Although he said his father called them to assess what he'd found, they only showed up days after he'd gone back to work.

James Rogers

James Rogers was 19 when he helped bring out the heavy, mysterious, box from the forest. He's now 74 and the last remaining person alive who helped with the retrieval of "the thing from the woods." (Shane Fowler/CBC)

"A large army truck pulled into the yard, backed up to the garage where the thing was kept and six men got out and started to attempt to load it into the vehicle," wrote Lois McPherson. 

But she wasn't having it. 

Her family said she single-handedly barred the military from attempting to steal the white box from their property.

Eventually, the "nasty corporal blew his top" and left, according to Lois McPherson's recounting of the ordeal.

The contents inside

 Once the military left, Lois McPherson did not leave the box alone.

"And mom later told us she opened it up," said David McPherson Jr.

McPherson said his mother said the mysterious box had two cameras and about a dozen bottles of clear liquid surrounding the lenses.

And she said there was writing on some of the equipment, according to her son.

David McPherson Jr.

David McPherson Jr. was three years old when his father discovered the mysterious box. (Shane Fowler/CBC)

"But it wasn't in the English alphabet, she thought maybe Russian, but she didn't tell dad she'd opened it that day," McPherson said.

The next day the military came back to the McPherson farm, this time with a different strategy.

"They took it with promises of, 'You'll be there when it's opened' and, 'We'll let you know what it was and who owns it,'" said McPherson.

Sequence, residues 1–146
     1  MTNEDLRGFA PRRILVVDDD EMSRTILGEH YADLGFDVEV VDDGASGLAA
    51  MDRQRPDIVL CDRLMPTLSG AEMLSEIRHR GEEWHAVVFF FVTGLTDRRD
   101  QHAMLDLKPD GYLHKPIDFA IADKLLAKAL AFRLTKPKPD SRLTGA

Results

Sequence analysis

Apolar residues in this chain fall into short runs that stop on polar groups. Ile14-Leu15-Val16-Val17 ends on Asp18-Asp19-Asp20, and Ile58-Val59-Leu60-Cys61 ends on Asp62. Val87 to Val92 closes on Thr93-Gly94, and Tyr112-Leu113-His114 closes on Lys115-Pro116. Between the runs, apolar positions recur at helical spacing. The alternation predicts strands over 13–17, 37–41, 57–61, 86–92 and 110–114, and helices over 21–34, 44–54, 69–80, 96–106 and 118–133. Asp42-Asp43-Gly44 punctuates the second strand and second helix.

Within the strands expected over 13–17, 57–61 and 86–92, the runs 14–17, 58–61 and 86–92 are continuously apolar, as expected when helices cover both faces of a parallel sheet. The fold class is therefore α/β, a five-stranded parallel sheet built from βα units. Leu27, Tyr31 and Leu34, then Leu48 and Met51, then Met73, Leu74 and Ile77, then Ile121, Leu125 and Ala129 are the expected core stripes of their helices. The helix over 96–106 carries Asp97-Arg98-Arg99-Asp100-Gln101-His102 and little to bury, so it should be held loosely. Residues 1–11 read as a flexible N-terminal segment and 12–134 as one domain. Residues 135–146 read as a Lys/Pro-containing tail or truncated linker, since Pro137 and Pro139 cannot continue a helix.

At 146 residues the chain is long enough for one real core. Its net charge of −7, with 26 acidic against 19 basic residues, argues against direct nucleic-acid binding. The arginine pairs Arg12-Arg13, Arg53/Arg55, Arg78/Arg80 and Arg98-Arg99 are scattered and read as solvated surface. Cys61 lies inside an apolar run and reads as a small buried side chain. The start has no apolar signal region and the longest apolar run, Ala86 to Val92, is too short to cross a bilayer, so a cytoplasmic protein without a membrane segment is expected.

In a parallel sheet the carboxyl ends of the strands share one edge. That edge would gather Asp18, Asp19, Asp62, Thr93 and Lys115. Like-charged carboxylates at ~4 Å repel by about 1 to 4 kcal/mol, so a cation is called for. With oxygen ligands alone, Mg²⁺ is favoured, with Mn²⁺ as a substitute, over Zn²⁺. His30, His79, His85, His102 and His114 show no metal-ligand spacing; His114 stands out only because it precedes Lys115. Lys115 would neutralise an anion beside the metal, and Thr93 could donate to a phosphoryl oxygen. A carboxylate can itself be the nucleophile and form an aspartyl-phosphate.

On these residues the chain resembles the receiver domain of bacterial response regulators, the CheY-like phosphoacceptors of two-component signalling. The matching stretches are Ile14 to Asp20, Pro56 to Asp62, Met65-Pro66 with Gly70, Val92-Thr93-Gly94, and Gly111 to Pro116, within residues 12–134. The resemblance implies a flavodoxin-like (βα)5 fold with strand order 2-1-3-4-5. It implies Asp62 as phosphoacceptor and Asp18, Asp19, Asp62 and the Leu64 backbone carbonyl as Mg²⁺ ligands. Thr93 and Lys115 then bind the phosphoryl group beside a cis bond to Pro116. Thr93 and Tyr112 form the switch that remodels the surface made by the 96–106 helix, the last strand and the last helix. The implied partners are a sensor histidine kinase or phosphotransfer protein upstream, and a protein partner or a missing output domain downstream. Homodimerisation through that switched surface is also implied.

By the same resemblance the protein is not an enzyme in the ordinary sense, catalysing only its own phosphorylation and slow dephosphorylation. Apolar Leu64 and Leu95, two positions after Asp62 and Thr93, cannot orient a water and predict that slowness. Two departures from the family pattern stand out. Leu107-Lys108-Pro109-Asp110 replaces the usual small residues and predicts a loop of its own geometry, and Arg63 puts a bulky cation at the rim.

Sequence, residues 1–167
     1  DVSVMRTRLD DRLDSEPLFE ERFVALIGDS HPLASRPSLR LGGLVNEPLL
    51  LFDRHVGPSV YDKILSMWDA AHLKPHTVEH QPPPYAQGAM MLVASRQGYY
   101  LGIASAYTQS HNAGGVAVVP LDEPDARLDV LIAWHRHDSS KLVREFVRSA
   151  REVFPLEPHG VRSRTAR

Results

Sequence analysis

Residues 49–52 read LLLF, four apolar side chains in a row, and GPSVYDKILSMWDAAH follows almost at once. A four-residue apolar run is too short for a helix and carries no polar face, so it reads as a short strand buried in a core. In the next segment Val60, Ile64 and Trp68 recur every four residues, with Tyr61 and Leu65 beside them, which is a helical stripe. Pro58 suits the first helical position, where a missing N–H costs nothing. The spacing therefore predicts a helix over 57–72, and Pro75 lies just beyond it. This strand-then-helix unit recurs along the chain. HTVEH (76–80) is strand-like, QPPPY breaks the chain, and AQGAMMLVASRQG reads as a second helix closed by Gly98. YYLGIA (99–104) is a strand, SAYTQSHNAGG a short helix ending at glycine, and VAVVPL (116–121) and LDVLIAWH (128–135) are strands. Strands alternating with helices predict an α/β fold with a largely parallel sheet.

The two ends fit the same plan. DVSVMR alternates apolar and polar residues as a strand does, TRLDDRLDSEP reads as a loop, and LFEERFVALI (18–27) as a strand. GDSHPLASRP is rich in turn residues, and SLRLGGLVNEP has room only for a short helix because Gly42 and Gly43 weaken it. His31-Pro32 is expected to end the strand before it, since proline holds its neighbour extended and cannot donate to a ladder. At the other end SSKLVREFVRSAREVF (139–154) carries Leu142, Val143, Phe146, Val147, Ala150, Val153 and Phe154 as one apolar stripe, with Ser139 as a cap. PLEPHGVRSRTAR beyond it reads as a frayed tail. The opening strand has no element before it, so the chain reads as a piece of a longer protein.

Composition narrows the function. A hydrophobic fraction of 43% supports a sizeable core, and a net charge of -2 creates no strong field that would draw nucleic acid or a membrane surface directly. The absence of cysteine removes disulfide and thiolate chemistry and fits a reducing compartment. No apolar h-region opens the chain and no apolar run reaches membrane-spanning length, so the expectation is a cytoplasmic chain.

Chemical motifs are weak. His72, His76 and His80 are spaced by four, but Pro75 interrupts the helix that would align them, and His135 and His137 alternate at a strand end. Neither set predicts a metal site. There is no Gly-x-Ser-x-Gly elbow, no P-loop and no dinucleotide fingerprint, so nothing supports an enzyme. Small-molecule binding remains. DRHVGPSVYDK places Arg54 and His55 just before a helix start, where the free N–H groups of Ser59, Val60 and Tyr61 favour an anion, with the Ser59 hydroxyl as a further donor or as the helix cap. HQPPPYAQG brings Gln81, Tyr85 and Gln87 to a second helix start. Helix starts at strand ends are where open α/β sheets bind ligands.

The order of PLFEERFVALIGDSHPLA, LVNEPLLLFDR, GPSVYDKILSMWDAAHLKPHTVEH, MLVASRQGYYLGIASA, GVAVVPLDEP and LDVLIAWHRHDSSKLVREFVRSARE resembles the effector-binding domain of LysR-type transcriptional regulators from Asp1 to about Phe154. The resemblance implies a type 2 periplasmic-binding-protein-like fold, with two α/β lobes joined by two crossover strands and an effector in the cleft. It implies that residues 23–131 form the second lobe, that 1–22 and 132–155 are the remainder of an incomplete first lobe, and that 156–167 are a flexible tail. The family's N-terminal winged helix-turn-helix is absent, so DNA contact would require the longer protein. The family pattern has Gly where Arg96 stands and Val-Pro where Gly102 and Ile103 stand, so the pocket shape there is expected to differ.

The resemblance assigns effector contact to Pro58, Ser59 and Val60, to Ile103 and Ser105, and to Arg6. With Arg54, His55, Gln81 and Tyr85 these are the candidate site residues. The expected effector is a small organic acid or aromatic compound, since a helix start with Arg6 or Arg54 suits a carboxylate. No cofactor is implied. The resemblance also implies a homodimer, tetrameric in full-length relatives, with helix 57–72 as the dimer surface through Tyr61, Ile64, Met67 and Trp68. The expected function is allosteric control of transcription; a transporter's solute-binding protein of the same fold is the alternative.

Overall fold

"But once it was on the truck, that was all gone. And so was the thing. They took it away." 

That was the last time the family heard from the military on the issue, despite two rejected access to information requests to the Department of Defence in the years that followed.

No one from Lutes Mountain saw the box again. 

"It was crazy how it just disappeared," said Rogers.

"For one week, it was huge. Then the next it was like everyone forgot." 

They want answers

The mystery of "the thing in the woods" lives on in the yellowed newspaper clippings, scrapbooks, photos and documents the McPherson family kept.

Reports from the Moncton newspaper would later state the object was a "transosonde," a large weather balloon, but no attribution for that designation was given in those articles.

James Rogers

Rogers, left, is shown helping lift a large metal antenna recovered alongside the white box attached to a parachute in 1962. The bulldozer in the background was used to build the road to retrieve the heavy box. (Shane Fowler/CBC)

Both David McPherson Jr. and Rogers say they doubt what was found that day had anything to do with weather, but both men still want answers 55 years later. 

"That would be very good, to have an answer, just for the satisfaction of knowing what it was," said Rogers. 

"If it was some surveillance equipment from another country or if it was a weather balloon. But I don't really think it was a weather balloon."

Rogers said if it would have been a weather balloon, someone would have told them that immediately. 

"Dad and mom would have loved to know what exactly that was before they passed," McPherson said.

"It'd be really great for the family."